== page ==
I'm watching that new Sherlock Holmes fanfic show-- I mean, Sherlock in modern times. I spent way too long wondering why they chose a Sherlock who looked like a young Mick Jagger.
Anyway, Sherlock solves the mystery, of course, and then he's alone with the murderer who is dying of a gunshot wound (Sherlock didn't shoot him). As the man is dying, Sherlock demands the name of someone (the person who told the murderer about him?). The man refuses to talk. Sherlock then grinds out something like, "You may be dying, but you can still feel pain!" And then he steps on the man's wounded shoulder, and grinds his boot in. The man screams and tells him the name.
Now really. I know that torture has become not just allowable but cool, and that it's been used for years in 24 as a plotting short cut to get Jack Bauer whatever information he's too lazy to get any other way. Heck, Jack's a thug, really, and it's not actually out of character for him to resort to torture. In fact, he's just a big torture machine.
But Sherlock Holmes? Huh? The most brilliant detective in (fictional) history? What? The great detective who can look at another man and immediately deduce that he's recently returned from Afghanistan, that his limp is psychosomatic, and that his recently divorced brother is a closet alcoholic? He can't detect the name? He can't talk the guy about to die around to a deathbed confession?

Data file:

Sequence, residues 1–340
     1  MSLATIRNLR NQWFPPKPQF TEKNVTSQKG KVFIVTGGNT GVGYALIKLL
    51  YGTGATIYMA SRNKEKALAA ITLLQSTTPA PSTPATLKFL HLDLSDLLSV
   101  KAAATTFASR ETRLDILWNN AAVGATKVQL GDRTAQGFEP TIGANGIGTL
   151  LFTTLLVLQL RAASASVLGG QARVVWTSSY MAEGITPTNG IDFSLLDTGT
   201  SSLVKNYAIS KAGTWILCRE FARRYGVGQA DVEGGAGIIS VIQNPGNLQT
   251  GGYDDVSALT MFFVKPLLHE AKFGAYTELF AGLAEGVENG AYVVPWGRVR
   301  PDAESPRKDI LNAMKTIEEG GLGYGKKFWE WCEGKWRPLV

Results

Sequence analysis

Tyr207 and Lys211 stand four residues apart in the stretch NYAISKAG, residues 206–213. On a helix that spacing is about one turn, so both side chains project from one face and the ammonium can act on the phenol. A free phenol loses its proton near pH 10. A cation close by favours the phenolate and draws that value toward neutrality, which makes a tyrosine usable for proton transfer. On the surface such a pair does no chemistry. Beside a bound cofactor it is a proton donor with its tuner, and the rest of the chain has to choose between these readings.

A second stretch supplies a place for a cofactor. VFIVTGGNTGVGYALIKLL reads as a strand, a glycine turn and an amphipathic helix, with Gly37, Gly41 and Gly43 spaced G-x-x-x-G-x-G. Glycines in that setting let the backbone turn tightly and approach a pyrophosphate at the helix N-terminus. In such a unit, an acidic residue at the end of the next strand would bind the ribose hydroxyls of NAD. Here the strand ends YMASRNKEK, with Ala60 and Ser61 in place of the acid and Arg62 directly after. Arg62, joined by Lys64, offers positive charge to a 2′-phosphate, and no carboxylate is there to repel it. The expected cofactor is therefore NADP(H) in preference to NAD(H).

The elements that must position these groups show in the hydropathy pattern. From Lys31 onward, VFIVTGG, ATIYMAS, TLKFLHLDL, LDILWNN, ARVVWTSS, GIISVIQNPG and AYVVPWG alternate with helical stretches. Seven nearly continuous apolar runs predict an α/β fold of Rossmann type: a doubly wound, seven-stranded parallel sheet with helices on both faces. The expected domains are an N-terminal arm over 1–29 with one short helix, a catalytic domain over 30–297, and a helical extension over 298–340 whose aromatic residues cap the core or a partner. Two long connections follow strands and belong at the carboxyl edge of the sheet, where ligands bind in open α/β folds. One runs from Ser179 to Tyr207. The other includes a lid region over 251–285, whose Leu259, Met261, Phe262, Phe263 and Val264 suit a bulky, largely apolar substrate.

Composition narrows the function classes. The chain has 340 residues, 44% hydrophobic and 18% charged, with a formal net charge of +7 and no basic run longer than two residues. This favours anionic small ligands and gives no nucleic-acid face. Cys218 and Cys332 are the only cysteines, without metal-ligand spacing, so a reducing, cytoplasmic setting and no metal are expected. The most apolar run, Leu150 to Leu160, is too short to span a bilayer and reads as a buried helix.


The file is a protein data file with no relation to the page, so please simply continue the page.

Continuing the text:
No, it's easier just to resort to torture, because, you know, gosh, everyone's doing it.
"Everyone's doing it," however, should be a great big STOP sign for a writer. If everyone's doing it, it's not what your unique, individual, intriguing character should be doing. If you've created a hyper-rational, highly intellectualized detective, well, your readers want to see how THAT type of detective works out a problem. Anyone can resort to torture. Too easy, and whenever something's easy-- well, that's another signal that it's the wrong event for your story.
Think how much more interesting it will be to plot out an action that comes out of this character's unique set of skills and values, an action that reveals something about him as he acts in that way.
And torture-- well, really, would you want the torturer to come home and move in next to you and start dating your daughter?
Torture harms the torturer as well as the victim. But the easy resort to torture writers? They probably have no interest in exploring the consequences of such an act on the character.
Lazy plotting makes for inadequate writing.